Hiking in the dark of early morning. Not even a speck of glow on the horizon. My weak headlamp is worthless so I turn it off. Moonlight is more than enough to show the trail ahead.
It’s pure joy to be walking in the predawn. In Montana, I always waited until daylight because of the grizzlies. I’ve missed this— the sounds and scents intensified, the feel of trail underfoot, seeing the first signs of pink on the horizon. Watching the light slowly changing into morning.
|Crossing scree fields by first morning light|
|Contouring along the hillside|
|Four Peaks Wilderness|
The break doesn’t last long. Must get to the water cache by evening. There is no water at Granite Spring. There is no water at Buckhorn Creek. Walking amidst the towering saguaro cactus and gazing down at Roosevelt Lake, imagining how it would feel to gulp water, to swim in a lake. My gallon of water is wedged under a rock up ahead. Cool water waiting.
|Lots of water down there.|
Humans! The first (and only) humans encountered this trip are an AmeriCorps/ American Conservation Experience (ACE) crew doing trail maintenance. ACE is the AmeriCorps program here in Arizona that provides opportunities for young people to do environmental stewardship projects. It’s the local equivalent of Montana Conservation Corps, which is a group I worked with at my park in Montana.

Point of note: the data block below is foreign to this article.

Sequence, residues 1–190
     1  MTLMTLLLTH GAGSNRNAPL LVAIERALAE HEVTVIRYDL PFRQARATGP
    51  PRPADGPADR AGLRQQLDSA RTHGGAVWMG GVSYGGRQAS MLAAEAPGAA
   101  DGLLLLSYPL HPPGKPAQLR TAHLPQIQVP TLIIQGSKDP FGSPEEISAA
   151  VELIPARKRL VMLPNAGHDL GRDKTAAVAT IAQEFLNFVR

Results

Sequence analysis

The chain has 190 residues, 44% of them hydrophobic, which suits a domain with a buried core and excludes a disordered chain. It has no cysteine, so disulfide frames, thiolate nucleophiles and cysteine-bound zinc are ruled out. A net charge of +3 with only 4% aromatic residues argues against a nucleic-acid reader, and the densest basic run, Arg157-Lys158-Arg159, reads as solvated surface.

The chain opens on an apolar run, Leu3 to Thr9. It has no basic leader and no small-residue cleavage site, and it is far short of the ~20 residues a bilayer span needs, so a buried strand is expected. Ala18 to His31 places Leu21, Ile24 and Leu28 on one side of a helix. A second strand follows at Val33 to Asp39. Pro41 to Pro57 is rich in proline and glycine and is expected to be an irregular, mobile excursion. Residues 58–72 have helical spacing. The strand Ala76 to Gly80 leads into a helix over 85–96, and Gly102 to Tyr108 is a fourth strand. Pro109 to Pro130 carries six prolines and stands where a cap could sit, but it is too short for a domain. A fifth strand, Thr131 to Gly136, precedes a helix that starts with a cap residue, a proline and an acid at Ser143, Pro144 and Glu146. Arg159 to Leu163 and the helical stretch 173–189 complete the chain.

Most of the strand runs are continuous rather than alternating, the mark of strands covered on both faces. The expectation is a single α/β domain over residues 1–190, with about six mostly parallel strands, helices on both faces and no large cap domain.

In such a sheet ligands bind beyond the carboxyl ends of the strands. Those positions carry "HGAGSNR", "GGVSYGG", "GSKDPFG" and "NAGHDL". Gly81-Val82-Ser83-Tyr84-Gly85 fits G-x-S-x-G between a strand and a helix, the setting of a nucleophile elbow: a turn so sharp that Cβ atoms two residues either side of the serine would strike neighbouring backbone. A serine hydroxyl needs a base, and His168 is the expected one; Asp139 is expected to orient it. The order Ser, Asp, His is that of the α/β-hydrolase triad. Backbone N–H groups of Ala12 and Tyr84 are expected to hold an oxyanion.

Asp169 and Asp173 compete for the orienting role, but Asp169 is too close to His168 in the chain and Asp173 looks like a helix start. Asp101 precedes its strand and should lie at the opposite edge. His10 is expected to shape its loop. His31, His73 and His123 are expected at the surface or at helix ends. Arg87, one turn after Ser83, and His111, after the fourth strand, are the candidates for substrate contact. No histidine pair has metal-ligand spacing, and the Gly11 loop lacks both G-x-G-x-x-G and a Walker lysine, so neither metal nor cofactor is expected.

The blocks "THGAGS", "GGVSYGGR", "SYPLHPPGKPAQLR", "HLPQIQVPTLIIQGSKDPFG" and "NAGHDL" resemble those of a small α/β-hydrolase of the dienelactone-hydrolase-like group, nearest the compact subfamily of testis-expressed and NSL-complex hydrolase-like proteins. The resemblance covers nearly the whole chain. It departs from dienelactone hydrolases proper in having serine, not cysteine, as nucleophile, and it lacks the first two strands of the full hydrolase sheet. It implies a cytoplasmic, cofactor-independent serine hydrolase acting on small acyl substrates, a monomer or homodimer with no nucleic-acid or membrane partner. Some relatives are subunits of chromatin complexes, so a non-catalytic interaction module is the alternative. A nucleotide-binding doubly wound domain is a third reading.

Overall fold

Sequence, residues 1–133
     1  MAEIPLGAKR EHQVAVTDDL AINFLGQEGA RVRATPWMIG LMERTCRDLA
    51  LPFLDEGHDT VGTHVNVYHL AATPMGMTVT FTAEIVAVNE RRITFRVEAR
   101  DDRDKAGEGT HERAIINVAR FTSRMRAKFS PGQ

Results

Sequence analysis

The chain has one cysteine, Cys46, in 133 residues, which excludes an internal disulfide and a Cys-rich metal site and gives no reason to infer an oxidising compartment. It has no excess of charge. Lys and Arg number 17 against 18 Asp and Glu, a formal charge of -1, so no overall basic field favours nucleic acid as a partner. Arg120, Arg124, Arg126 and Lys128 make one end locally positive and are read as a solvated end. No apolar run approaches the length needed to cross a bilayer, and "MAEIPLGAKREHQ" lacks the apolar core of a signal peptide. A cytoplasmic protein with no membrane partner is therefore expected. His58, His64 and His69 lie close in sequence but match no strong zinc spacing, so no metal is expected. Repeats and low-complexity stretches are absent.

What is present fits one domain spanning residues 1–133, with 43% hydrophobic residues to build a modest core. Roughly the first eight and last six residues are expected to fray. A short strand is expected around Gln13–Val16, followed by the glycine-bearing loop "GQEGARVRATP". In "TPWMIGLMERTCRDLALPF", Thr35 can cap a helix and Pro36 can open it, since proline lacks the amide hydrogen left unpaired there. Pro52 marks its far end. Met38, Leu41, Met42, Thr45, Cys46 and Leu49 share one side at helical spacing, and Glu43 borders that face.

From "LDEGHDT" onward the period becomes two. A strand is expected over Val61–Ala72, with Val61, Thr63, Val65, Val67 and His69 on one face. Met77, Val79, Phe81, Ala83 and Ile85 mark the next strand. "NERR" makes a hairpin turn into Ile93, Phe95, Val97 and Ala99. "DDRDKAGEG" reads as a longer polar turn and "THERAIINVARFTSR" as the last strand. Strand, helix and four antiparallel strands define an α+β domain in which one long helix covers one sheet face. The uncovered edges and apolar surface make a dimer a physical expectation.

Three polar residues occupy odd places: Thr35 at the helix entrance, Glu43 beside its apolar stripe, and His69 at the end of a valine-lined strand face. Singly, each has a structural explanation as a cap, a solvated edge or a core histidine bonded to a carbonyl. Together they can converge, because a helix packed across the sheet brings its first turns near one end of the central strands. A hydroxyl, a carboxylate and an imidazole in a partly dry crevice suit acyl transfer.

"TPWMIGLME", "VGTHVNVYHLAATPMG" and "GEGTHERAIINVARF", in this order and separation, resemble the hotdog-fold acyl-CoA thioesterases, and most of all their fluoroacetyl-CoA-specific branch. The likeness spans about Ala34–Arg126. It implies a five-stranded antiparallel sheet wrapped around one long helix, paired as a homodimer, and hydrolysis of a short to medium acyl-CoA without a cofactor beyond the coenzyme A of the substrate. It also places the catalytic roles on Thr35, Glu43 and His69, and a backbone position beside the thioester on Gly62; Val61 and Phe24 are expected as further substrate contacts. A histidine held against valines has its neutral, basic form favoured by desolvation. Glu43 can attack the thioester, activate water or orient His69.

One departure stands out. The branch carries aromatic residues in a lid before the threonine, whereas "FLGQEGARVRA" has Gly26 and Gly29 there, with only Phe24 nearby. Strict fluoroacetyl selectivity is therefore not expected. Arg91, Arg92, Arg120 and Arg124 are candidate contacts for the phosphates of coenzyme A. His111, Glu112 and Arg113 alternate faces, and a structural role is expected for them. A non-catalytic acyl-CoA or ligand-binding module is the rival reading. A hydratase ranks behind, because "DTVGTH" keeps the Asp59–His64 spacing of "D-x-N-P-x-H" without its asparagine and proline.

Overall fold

|ACE crew and the beautiful new tread|
In no time I’m down at the road, retrieving my water cache, trucks whizzing by as I cling to the side of the road crossing the bridge.
There is water in the cattle tank too, so my water cache was unnecessary. But it meant I got water 2 miles sooner. Two miles of blissful hydration.
My body aches and I just want to sleep but instead I just toss and turn and think about flash floods and lightening on exposed ridges and slippery trails and being alone. Nights are long this time of year. Too much time to think.